In 1921, human remains representing a minimum of seven individuals were recovered from an unnamed site near Five Islands (47-ME-12) within the exterior boundaries of the Menominee reservation during non-legally authorized excavations conducted by Alanson B. Skinner, Museum of the American Indian, Heye Foundation, New York, NY. No known individuals were identified. No associated funerary objects are present.

This unnamed site near Five Islands has not been completely described in excavation records.

In 1921, human remains representing a minimum of seven individuals from the Kakwatch Mound Group (47-ME-6) within the exterior boundaries of the Menominee reservation during unauthorized excavations conducted by Samuel A. Barrett, MPM Curator of Anthropology, Milwaukee, WI, and Alanson B. Skinner, Museum of the American Indian, Heye Foundation, New York, NY. No known individuals were identified. The two associated funerary objects include a bear jaw and sherds from a grit-tempered, cordmarked ceramic pot.

The 184 cultural items include 169 grit-tempered, cordmarked sherds, a reconstructed grit-tempered, cordmarked pot, charcoal, bear jaw fragments, faunal remains, a hammerstone, a sandstone abrader, a small pitted hammer, a small celt, two stone mortars, two lithic projectile points, charred walnut fragments, and lithic debitage. These cultural items were excavated from burials from which the human remains were not collected Start Printed Page 24503at the Kakwatch Mound Group (47-ME-6) within the exterior boundaries of the Menominee reservation during unauthorized excavations conducted by Samuel A. Barrett, MPM Curator of Anthropology, Milwaukee, WI, and Alanson B. Skinner, Museum of the American Indian, Heye Foundation, New York, NY.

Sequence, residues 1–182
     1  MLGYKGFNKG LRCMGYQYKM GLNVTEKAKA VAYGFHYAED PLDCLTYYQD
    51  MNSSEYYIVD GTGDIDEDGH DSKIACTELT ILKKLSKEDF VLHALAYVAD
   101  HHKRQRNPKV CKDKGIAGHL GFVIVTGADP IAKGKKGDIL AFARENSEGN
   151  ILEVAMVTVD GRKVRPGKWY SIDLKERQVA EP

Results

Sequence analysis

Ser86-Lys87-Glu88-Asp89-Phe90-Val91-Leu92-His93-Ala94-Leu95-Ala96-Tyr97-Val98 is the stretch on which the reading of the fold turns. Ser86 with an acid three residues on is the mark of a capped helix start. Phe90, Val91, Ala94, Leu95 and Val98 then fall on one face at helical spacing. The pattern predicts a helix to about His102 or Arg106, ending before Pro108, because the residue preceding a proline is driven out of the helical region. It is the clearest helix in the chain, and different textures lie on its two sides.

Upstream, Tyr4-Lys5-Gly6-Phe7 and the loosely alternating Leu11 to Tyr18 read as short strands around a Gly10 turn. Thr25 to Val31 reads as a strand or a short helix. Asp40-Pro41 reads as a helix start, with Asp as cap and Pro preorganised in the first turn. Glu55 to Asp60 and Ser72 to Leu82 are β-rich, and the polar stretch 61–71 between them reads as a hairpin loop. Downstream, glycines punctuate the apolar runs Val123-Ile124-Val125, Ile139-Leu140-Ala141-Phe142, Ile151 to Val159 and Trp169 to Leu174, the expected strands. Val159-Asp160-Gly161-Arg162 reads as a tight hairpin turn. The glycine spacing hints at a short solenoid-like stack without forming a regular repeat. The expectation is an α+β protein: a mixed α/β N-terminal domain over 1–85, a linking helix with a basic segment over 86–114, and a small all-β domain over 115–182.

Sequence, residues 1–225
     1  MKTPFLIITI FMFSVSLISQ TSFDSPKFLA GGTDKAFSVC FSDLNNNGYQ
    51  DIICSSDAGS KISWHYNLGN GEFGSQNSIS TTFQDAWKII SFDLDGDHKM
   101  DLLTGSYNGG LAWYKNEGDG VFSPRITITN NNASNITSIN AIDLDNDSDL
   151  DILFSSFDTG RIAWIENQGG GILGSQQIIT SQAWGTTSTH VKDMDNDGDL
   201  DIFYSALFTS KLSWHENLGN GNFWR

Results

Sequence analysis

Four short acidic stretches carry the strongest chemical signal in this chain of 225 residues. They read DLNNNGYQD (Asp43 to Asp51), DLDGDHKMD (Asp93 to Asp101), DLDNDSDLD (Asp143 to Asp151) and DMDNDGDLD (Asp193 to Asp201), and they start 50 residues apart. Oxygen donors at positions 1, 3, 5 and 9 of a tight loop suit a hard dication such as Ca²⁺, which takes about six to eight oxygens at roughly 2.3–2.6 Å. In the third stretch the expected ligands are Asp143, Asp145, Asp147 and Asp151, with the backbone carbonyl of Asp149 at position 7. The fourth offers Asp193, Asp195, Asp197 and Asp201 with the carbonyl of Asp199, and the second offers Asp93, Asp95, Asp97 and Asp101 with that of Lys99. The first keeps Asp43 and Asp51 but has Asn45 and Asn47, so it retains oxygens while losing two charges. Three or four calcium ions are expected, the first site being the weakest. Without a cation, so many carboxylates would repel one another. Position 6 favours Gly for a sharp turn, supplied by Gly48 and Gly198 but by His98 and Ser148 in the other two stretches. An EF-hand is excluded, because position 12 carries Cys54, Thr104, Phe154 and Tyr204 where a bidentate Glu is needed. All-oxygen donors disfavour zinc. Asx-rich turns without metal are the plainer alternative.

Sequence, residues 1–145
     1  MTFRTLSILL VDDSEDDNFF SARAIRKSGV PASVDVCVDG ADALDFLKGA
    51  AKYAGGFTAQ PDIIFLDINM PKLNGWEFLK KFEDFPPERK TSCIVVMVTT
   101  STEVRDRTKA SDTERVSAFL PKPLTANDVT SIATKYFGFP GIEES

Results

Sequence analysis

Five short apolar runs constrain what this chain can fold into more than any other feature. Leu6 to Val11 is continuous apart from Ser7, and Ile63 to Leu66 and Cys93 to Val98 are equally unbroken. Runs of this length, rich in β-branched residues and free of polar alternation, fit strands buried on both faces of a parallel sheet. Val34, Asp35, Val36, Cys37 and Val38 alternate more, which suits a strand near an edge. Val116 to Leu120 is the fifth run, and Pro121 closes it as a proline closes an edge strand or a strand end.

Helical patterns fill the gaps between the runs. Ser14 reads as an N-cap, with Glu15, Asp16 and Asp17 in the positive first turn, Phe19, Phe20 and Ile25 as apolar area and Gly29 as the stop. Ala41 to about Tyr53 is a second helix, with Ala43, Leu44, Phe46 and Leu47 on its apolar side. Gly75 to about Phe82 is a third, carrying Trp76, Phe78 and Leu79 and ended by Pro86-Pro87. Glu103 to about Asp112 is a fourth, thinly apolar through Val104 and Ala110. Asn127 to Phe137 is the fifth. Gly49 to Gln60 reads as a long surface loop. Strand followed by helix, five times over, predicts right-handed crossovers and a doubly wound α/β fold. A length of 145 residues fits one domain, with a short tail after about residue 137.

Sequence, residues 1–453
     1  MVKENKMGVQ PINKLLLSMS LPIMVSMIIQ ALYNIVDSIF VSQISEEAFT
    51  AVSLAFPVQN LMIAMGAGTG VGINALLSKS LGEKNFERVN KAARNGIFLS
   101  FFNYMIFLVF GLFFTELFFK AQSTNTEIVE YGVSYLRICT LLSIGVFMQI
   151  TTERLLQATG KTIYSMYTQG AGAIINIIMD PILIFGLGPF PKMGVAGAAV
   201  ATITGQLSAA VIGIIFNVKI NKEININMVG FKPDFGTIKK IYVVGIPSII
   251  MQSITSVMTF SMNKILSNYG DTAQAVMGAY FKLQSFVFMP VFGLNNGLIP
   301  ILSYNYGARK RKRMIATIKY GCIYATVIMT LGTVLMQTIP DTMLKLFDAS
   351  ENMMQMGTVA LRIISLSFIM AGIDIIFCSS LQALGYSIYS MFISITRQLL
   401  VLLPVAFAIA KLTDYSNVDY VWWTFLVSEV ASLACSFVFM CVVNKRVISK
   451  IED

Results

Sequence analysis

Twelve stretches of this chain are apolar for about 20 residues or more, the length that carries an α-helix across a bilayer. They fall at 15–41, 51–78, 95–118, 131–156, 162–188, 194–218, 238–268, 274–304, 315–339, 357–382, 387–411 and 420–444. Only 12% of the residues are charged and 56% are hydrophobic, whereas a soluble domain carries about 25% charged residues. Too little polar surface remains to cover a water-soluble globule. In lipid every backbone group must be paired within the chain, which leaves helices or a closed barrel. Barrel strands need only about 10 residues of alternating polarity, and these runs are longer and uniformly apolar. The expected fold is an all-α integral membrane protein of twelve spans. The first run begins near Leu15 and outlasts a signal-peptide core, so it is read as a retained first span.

The Kakwatch Mound Group consists of two mound groups (nine mounds total), a village occupation, and numerous refuse pits. Based on material culture, the Kakwatch Mound Group has been identified as a Woodland occupation.

In 1921, human remains representing a minimum of five individuals were recovered from the Nakuti's Berry Patch Mound Group (47-ME-5) within the exterior boundaries of the Menominee reservation during non-legally authorized excavations conducted by Alanson B. Skinner, MPM Curator of Anthropology, Milwaukee, WI. No known individuals were identified. No associated funerary objects are present.